Want to see how wine changes over time, taking into account things like vintage difference and consumer preferences, and especially how the big wine companies see consumer preference?
Then taste the Dancing Bull ($9, purchased), which is one of the most popular wines among visitors to the blog. In my review of the 2007 vintage, I wrote that it wasn’t “quite as spicy or brambly” as it was when the wine debuted a decade ago, but that it was still more or less a traditional zinfandel. The current vintage has changed even more. It still has some zinfandel character, with pepper on the nose and spice at the back, but there is a huge dollop of sweet red fruit in the middle that wasn’t there in the 2007 or when I first tasted it.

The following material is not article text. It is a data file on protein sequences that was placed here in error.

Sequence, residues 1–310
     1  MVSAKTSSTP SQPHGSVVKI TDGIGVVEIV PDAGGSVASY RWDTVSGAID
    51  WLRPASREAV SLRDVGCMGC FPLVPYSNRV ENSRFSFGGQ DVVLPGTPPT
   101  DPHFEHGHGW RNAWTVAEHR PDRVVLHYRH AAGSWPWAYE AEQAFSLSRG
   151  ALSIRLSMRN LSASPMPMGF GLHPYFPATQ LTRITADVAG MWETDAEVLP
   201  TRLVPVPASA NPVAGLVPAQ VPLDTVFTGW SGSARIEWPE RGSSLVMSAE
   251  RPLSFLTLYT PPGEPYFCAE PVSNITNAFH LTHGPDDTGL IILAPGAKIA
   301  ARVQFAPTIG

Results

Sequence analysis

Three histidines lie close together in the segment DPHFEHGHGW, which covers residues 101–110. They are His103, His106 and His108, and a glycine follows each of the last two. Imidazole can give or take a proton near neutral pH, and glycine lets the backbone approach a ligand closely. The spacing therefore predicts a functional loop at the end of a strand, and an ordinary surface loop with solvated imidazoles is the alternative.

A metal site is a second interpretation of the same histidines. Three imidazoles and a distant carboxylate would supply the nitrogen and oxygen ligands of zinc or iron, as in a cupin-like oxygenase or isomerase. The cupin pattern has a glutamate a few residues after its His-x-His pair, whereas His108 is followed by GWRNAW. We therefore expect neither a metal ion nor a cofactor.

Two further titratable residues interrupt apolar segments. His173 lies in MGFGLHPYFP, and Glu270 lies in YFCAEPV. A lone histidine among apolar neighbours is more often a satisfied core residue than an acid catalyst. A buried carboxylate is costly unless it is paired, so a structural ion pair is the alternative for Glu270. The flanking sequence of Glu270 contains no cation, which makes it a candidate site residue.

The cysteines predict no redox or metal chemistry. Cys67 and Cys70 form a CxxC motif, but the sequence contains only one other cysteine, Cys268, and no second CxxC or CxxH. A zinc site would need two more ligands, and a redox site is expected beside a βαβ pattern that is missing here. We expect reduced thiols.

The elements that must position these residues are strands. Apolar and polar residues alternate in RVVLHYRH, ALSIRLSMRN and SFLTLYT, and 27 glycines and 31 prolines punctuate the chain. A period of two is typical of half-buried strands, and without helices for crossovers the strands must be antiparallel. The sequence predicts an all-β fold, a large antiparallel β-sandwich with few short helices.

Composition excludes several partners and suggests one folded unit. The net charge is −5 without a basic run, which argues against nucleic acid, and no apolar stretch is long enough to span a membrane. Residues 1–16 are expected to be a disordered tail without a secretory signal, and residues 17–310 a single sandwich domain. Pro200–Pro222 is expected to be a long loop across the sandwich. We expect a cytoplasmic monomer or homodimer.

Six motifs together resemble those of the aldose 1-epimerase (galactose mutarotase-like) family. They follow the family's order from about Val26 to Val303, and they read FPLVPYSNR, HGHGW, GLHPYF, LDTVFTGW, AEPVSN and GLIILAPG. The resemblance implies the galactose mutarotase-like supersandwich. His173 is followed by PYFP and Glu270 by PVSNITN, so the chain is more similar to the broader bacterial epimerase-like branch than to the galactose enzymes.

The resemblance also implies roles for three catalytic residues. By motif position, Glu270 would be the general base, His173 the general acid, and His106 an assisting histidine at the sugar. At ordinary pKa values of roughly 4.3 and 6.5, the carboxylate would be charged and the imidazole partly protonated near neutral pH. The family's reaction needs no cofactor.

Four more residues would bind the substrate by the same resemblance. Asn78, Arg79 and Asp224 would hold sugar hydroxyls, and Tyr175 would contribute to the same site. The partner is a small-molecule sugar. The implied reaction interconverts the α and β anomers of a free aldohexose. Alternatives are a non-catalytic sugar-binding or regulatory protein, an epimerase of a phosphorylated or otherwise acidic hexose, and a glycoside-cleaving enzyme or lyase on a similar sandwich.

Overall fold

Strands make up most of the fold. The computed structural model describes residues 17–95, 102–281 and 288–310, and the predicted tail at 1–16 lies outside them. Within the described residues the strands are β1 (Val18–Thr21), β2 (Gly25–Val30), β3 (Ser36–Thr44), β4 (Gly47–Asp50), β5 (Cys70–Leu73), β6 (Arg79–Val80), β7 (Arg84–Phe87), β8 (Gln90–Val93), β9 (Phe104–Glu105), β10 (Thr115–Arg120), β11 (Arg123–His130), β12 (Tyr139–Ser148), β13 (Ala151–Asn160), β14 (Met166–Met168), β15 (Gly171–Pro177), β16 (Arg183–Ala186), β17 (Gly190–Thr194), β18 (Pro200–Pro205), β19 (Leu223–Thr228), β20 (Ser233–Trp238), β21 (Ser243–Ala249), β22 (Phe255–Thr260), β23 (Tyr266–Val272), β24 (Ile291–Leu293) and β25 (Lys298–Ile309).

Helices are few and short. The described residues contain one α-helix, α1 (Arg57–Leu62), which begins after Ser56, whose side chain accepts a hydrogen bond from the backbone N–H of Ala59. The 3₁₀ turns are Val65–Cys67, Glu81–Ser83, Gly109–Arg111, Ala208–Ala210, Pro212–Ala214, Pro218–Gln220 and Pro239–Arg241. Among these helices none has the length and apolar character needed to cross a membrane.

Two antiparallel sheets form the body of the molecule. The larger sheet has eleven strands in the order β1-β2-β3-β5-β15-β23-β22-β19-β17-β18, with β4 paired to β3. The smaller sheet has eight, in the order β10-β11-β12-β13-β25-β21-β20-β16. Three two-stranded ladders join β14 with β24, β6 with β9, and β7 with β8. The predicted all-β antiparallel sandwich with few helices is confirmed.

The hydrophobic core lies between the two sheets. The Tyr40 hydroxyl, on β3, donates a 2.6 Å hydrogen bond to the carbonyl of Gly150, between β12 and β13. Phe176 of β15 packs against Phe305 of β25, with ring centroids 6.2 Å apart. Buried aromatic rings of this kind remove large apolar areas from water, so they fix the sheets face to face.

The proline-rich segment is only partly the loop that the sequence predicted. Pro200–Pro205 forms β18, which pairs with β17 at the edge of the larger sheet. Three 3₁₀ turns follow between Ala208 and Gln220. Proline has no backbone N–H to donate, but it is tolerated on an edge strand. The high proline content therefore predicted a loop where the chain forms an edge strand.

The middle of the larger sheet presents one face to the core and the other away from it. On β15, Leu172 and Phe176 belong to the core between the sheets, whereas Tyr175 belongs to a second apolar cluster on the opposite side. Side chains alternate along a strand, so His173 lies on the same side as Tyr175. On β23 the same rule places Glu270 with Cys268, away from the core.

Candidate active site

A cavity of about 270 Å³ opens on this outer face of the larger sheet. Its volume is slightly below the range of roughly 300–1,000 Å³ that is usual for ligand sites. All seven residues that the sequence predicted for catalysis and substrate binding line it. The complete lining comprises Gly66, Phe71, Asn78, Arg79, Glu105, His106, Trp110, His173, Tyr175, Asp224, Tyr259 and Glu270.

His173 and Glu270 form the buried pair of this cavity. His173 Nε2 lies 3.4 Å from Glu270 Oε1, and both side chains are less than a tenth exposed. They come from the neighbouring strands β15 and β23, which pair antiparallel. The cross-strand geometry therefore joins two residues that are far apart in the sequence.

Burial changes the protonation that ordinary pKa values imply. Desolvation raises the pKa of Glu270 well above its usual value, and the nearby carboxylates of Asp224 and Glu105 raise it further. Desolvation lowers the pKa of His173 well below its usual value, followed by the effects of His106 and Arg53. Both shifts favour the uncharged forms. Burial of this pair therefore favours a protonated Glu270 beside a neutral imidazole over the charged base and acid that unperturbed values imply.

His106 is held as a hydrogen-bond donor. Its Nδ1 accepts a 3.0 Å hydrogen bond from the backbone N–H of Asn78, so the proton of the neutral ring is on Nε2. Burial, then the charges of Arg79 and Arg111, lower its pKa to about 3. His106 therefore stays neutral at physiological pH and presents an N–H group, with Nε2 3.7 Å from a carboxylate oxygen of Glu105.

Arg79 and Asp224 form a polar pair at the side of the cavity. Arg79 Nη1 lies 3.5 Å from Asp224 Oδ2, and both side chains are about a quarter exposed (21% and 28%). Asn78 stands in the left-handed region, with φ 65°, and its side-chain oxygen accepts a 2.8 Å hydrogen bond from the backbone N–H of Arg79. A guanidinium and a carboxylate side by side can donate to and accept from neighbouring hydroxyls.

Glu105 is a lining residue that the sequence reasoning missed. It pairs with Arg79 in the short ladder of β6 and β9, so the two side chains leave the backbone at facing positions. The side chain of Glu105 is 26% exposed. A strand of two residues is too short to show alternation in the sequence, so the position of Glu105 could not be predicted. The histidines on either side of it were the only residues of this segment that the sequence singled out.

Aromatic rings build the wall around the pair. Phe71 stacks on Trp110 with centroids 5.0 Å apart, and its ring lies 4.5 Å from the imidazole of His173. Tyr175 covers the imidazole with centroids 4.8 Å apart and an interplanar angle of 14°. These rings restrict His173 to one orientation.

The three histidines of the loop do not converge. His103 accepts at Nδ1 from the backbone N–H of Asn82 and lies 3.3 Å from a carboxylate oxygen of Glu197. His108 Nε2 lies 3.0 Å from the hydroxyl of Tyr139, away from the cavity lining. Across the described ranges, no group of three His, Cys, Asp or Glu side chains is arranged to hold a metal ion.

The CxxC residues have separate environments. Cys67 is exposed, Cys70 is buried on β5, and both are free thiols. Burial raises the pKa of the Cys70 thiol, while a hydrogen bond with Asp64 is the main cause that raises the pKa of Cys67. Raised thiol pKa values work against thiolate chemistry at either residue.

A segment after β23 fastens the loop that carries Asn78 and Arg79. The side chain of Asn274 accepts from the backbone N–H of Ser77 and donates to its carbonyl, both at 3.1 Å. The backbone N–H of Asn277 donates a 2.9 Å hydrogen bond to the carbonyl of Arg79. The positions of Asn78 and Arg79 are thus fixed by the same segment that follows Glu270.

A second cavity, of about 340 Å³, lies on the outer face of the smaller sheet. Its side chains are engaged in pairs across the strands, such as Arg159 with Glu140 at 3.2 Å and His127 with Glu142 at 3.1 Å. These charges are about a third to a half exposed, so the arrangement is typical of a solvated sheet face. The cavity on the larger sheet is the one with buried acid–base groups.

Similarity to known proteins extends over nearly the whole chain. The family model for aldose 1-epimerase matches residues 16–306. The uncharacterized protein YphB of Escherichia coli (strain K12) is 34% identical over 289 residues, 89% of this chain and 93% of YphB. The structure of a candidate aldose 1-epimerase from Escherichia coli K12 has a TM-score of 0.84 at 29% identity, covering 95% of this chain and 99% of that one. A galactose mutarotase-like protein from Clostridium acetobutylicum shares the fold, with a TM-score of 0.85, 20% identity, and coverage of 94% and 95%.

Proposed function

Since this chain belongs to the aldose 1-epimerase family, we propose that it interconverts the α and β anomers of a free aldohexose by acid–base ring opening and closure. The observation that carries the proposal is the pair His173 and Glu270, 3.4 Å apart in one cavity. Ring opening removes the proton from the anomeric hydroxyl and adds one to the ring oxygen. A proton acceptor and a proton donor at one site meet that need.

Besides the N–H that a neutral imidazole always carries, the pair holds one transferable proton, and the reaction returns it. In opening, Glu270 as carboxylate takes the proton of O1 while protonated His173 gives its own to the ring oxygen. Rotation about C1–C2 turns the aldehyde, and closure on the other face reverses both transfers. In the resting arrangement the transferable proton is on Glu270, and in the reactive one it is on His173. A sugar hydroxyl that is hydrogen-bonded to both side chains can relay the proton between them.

Which is where consumer preference — or what companies like E&J Gallo, which makes Dancing Bull, see as consumer preference — comes in. One of the big changes in U.S. grocery store wine over the past several years is, for lack of a better term, the addition of sweet fruit. It’s not that the wines are sweet, and the Dancing Bull is bone dry. Rather, it’s what Eric Asimov of the New York Times describes as not the “actual sugar in the wine, but also (more often) of the impression of sweetness. This impression can be provided by dominant fruit flavors and high concentrations of glycerol, a product of fermentation that is heavy, oily and slightly sweet.” And, he writes, California zinfandel exactly fits that description.
Gallo’s market research, apparently, has determined that consumers want that sweet fruit in their wine. So the company makes the wine that way, and the Dancing Bull is the result. Is this good or bad? Neither. As the Wine Curmudgeon has said many times, good and bad doesn’t apply to wine. It’s what each person wants to drink.